The new Neighbors seems to set up a war of the generations: parents Mac and Kelly vs. Teddy and the frat boys in the adjacent home. That doesn't really take, since Rogen was born in 1982, just five years before Efron — but it really doesn't matter either, since Mac, suddenly saddled with a father's responsibilities, is bummed out that "All the things I used to do, I can't do anymore." Annoyed and then angered by the frat's pranks and all-night parties, he is also avid for a second chance at reckless youth. The inner Mac wants to follow the advice stitched on his couch pillow: "Carpe That F-cking Diem," except that the pillow actually has an u where I put a puritanical dash.
Screenwriters Andrew Jay Cohen and Brendan O'Brien (who worked in minor capacities on Apatow's The 40-Year-Old Virgin) are fascinated by things that can expand to the bursting point — air bags, a mother's breasts — but show no interest in plot plausibility. The script does the briefest handsprings to show why Mac and Kelly can't rely on the campus cops or the other neighbors, but it utterly ignores baby Stella's welfare. With her parents spending so much time over at Delta Psi, the child must be her own sitter. Her only function is to be prop comedy, as in the condom gag.
Running just 96 min., Neighbors seems longer because it employs the improv techniques of old John Cassavetes dramas. Certain lines are repeated four or five times to give the feeling of spontaneity, but thanks, we got it the first time. It's as if any joke made on the set was incorporated into the movie, like the remark about the nerdy pledge, nicknamed Assjuice (Craig Roberts), that "He looks like J.J. Abrams." The drug humor piles up — the combination to one wall safe is 420 — as the narrative escalates into a home-invasion thriller gone berserk: fat Mac tangling with six-pack Teddy.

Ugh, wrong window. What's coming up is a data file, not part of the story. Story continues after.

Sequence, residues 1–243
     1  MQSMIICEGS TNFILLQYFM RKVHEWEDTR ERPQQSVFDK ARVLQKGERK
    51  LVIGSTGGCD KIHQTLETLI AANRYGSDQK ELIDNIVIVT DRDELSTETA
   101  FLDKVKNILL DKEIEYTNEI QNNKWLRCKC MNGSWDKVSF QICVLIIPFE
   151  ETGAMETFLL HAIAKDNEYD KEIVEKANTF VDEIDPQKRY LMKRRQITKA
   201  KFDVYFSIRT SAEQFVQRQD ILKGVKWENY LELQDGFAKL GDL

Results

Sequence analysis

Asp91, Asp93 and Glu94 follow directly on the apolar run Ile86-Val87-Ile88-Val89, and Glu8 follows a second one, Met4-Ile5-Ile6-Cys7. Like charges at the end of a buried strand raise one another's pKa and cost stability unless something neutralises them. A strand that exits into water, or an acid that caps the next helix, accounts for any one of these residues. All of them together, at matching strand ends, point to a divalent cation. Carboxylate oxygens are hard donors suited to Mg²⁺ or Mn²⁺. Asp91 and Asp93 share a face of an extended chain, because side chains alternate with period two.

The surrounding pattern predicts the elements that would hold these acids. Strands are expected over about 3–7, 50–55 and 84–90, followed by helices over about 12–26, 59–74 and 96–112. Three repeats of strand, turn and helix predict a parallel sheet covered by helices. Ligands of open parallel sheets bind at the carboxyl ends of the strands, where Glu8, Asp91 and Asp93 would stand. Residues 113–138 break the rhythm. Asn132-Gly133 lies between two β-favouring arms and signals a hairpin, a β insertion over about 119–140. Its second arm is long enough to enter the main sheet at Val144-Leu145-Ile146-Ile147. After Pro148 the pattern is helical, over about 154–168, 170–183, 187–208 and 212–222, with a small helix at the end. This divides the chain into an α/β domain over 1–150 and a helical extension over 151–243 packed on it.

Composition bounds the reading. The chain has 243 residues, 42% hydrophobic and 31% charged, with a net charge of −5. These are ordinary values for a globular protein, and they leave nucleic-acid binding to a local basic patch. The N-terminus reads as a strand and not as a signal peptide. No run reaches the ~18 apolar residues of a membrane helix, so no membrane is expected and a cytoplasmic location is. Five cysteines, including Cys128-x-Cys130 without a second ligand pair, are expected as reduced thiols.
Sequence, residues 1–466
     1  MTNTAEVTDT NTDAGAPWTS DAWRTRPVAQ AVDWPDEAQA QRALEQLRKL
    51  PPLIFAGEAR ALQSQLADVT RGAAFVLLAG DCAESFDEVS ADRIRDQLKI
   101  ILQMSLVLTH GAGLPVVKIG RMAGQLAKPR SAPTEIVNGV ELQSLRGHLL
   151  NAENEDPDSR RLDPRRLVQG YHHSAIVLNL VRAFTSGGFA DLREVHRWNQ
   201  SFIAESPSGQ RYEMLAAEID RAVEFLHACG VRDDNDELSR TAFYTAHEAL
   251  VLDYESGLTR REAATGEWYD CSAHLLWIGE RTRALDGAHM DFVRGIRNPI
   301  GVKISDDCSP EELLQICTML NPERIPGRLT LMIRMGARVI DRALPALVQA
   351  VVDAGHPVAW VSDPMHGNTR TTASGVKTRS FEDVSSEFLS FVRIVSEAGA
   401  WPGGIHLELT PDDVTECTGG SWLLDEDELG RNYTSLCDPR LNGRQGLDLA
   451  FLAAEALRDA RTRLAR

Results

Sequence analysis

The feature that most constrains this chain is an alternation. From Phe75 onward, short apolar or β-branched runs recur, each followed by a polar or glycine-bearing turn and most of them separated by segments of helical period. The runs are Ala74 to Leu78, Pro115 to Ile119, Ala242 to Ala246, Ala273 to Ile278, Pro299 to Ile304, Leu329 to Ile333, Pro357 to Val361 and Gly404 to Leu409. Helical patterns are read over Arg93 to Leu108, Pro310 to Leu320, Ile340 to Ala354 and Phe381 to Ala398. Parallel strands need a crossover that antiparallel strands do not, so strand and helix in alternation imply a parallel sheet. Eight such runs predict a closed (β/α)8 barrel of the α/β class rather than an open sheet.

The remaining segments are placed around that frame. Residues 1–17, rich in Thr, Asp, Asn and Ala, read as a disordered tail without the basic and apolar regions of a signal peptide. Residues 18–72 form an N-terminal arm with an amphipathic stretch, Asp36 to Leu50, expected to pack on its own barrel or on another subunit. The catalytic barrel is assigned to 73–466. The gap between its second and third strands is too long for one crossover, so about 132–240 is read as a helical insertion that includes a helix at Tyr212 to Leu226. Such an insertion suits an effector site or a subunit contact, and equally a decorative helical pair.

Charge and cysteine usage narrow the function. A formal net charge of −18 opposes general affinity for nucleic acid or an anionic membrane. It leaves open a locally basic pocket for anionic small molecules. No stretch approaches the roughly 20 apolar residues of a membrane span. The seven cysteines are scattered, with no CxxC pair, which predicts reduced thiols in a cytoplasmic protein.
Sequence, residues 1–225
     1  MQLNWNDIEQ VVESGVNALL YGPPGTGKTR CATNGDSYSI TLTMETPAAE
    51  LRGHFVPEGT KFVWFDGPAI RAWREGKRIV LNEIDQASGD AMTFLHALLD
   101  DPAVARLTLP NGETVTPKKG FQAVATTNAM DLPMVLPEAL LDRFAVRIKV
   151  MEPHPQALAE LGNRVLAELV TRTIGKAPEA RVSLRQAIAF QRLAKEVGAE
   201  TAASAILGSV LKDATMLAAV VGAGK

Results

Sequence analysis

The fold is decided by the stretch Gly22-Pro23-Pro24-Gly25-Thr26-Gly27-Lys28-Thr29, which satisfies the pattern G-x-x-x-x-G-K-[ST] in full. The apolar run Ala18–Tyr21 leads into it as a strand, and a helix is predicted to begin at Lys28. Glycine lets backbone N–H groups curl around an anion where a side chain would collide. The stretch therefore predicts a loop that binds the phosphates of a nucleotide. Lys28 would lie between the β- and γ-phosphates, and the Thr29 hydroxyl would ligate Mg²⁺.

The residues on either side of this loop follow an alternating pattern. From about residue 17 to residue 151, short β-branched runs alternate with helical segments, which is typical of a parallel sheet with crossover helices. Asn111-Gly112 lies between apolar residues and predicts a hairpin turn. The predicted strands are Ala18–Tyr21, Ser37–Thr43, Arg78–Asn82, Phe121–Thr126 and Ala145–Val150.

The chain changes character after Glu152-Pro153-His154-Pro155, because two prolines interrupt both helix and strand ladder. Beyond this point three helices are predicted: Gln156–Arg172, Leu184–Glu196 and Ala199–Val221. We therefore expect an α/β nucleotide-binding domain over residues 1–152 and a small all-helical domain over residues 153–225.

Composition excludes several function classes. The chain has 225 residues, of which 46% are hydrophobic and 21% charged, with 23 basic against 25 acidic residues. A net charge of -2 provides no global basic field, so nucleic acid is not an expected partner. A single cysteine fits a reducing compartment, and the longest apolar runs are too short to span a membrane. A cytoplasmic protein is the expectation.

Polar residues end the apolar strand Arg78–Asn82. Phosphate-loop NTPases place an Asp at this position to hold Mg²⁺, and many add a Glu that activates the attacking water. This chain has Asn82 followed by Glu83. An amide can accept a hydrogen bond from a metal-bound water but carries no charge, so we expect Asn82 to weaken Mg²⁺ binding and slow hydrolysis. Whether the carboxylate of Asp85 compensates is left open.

The movie's only special effect, its sole sexual allure, is Efron's inverted-trapezoidal torso, which Rogen describes as "basically a giant arrow pointing to your dick." Efron honed that perfect body at the Disney gym in his High School Musical years and probably in the workout room at the drug and alcohol rehab center he entered last year. (The star says he's now sober, so his turn as the hard-partying Teddy must be actual Acting.) He certainly provides a stark contrast to Rogen, who is no less eager to display his pudginess shirtless and pantsless.
Among the usually clothed performers, Byrne plays a nice balance of threatened and enticed. Franco — James's younger brother — brings occasional clarity to the rambunctious but studious Pete, and Lisa Kudrow has a couple of sharp scenes as the Braxton dean. (Andy Samberg and his Lonely Planet pals show up in a flashback cameo.)
Toward the end, the film makes the salutary point that Teddy's priapic prime at Delta Psi was not a preparation for his postcampus life but pretty much his entire career, and that for this fraternity's hardest partier there may be not much life after college. That leaves the previous hour and a half to assault you with Teddy's idea of fun. Mac and Kelly can't leave their home because the existence of Delta Psi has demolished property values, but moviegoers do have an option. When Neighbors moves in, audiences can opt out.